Forever Mine | Elements of Soul in the Music of the O’Jays


With sweeping violins and scratch guitar, soul music is the product of the vulnerable expression of the black experience. Romance, hardship, heartache, and deep desire are the staples of soul. Hot soul, featured in the 1970’s, laid the foundation for it later in the 1980’s. In addition, influences of funk and disco are also found in the genre. An exemplary band for the early stages of soul was the O’Jays. R&B, Philadelphia soul, progressive soul, and contemporary soul are the different labels attributed to the band. Spanning over a dozen albums throughout the decades, nearly all of the O’Jays discography feature introductory orchestral strings and horns, repetitious wah-wah guitar, and themes of love and pain.


Orchestral String & Horn Introductions

Some of the most beautiful song introductions are featured in the O’Jays music. A very early example is their 1968 song “You’re Too Sweet.” “Stairway to Heaven” on their 1975 album Family Reunion has an ethereal arrangement of instruments like cello, viola, violin, and piano. The slow horns in “We’re All In This Thing Together” from 1977 compliment the fast-tempo drums, offering a contrast that creates an uplifting tone.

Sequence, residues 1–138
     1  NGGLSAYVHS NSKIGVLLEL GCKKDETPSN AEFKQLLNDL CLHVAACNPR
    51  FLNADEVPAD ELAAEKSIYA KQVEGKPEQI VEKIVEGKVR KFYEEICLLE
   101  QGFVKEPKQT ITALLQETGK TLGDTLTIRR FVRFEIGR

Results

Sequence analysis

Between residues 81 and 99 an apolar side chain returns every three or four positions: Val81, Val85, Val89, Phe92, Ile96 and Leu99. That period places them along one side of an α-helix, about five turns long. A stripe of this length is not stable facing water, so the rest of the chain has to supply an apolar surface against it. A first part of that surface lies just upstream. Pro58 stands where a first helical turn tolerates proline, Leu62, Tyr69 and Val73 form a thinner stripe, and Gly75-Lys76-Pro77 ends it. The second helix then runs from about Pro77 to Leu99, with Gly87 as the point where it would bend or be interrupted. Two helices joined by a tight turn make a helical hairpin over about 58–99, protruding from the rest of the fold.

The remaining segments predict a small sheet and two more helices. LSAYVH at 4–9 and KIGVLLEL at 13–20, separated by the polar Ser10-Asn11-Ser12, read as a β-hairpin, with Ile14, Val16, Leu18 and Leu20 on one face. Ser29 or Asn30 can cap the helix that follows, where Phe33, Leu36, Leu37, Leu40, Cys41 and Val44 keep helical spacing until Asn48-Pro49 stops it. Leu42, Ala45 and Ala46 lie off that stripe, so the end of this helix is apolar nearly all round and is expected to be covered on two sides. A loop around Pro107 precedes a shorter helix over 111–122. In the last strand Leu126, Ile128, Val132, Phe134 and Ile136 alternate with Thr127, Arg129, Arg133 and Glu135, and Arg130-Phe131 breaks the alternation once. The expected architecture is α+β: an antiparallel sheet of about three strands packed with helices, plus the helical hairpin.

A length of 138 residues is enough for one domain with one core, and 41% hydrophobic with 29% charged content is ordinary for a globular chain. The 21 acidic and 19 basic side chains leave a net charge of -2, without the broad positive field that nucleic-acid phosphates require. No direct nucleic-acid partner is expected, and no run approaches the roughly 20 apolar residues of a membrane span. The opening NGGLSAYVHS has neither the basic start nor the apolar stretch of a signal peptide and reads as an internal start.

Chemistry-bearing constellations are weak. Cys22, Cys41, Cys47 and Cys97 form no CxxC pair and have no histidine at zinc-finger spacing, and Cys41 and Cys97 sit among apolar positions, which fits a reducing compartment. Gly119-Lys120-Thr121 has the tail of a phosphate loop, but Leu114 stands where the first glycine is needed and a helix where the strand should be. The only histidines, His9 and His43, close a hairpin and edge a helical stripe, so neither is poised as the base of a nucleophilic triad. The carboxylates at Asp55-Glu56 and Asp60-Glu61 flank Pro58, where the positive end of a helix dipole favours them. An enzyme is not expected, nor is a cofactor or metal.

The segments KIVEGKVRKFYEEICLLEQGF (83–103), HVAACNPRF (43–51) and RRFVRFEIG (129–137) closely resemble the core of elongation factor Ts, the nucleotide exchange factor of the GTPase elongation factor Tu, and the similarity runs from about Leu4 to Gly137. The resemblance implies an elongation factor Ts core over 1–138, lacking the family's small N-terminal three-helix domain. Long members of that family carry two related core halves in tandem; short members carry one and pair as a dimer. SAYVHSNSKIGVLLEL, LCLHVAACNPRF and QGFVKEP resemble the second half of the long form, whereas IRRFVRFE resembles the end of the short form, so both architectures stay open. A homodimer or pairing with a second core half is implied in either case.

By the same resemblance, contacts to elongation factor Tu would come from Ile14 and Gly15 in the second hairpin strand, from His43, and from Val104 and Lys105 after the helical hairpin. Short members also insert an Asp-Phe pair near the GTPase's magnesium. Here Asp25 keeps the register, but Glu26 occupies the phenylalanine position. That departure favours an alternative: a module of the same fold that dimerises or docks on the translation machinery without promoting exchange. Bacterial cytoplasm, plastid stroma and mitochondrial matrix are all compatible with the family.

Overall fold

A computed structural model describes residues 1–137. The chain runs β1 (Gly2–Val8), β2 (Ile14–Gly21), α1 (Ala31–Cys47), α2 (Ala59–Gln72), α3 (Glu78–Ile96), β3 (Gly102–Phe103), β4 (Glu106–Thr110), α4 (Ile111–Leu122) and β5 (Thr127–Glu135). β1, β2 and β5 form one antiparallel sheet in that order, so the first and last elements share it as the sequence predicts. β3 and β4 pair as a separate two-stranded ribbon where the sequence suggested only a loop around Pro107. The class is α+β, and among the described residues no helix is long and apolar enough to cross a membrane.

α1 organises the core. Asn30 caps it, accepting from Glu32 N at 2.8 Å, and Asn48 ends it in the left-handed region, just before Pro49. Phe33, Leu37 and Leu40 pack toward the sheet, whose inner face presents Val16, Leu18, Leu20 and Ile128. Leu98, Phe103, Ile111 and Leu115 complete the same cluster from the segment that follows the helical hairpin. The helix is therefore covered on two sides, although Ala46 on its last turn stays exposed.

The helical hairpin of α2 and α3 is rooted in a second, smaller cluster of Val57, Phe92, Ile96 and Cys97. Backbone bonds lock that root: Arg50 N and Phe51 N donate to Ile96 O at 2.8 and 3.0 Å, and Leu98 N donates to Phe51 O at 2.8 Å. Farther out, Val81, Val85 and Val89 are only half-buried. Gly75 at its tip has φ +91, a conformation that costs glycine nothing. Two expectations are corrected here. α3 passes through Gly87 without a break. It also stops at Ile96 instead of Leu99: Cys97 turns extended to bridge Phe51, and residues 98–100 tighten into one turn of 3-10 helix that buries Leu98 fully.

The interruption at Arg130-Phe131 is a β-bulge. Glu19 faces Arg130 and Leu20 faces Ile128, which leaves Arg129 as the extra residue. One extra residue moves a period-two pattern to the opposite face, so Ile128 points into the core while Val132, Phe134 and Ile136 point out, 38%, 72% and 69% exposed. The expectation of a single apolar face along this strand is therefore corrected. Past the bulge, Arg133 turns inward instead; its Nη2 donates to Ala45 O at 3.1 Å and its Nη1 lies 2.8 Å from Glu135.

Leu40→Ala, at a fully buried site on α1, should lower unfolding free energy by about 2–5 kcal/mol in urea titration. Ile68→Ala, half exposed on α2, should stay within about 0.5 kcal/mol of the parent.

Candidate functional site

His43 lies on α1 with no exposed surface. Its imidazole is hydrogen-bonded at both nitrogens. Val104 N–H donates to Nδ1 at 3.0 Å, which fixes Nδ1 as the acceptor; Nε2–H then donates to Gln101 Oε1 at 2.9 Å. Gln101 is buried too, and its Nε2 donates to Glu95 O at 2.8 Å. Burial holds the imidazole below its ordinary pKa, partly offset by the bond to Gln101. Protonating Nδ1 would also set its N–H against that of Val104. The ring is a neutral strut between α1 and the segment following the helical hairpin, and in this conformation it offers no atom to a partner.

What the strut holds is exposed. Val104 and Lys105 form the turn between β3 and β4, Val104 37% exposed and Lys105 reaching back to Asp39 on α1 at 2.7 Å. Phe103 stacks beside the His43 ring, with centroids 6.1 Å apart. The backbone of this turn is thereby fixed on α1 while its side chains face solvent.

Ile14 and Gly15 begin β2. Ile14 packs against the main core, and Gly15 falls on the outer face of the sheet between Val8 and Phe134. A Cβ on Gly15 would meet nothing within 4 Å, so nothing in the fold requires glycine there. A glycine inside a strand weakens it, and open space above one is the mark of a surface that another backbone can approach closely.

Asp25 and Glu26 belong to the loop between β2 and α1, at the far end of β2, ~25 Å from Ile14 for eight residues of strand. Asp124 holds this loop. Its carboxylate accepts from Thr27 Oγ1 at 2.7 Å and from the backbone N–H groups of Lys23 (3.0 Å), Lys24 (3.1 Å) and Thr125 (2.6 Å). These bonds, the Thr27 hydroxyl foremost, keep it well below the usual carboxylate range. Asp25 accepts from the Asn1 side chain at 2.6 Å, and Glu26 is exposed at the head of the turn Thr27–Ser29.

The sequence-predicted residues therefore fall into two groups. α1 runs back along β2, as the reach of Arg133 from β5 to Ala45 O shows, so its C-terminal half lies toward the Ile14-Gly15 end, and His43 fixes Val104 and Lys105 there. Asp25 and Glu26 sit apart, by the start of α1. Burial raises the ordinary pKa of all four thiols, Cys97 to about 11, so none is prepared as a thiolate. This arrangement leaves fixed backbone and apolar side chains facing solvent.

Wah-Wah Guitar

No doubt an influence of funk, the wah-wah guitar is present in many of this soul band’s songs. A later work in 1982 called “I Like to See Us Get Down” is a prime example. Of all their songs, this work comparatively has one of the fastest paces, screaming dance music as they instruct the audience to “Get Down!” The introduction in “For the Love of Money” features a control technique of rhythmic guitaring that sounds like Mo-Wah. Its sound is consistent throughout the song.

Themes of Love and Pain

Most of their songs are addressed to an unidentified woman, and their album and song titles reflect this. “You’re the Best Things Since Candy” in 1970 was an earlier example of this message of desire. The romantic classic “Forever Mine” in the 1979 album Identify Yourself features the lyrics, “I got what you want, you got what I want, We were made for each other.” The desire and desperation for the subject in question is palpable, as they beg, “Don’t you ever think about leaving.” On the other side of pleasure and romance of soul is despair and heartache. The 1978 album So Full of Love features two songs of failed romances, “Use Ta Be My Girl” and “Cry Together.” The latter is much more somber and aching, despite the relationship not being over like in the former piece. “I felt a tear roll down my face, Last night, me and my woman, We cried, cried together” are the lyrics as the couple in the song work through their seemingly perilous romantic struggles.


Orchestral openings, rhythmic guitar and wah-wah, and themes of love and heartbreak are throughout all of the O’Jays songs. All of the elements of soul are present in their music, and they serve as an early standard for the genre.

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